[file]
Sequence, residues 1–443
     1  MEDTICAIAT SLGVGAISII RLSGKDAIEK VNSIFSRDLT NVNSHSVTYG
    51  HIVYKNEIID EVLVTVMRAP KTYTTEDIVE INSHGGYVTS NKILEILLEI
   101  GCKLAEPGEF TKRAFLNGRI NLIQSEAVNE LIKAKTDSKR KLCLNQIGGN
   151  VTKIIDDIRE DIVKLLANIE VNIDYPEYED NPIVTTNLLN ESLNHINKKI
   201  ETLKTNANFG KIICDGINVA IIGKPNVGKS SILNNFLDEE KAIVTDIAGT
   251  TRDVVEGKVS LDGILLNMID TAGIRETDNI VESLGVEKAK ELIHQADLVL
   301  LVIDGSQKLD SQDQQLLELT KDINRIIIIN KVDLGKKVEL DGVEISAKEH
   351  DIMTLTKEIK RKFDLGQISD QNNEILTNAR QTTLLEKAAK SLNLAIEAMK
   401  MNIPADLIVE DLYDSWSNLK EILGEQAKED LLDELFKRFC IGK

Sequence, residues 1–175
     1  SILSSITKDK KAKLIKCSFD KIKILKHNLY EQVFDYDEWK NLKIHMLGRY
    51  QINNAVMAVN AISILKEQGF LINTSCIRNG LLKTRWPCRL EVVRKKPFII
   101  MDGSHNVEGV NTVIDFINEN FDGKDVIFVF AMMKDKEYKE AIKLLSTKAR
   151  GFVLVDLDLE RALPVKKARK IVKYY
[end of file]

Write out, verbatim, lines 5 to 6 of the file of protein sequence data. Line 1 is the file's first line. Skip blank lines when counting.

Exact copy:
   151  VTKIIDDIRE DIVKLLANIE VNIDYPEYED NPIVTTNLLN ESLNHINKKI
   201  ETLKTNANFG KIICDGINVA IIGKPNVGKS SILNNFLDEE KAIVTDIAGT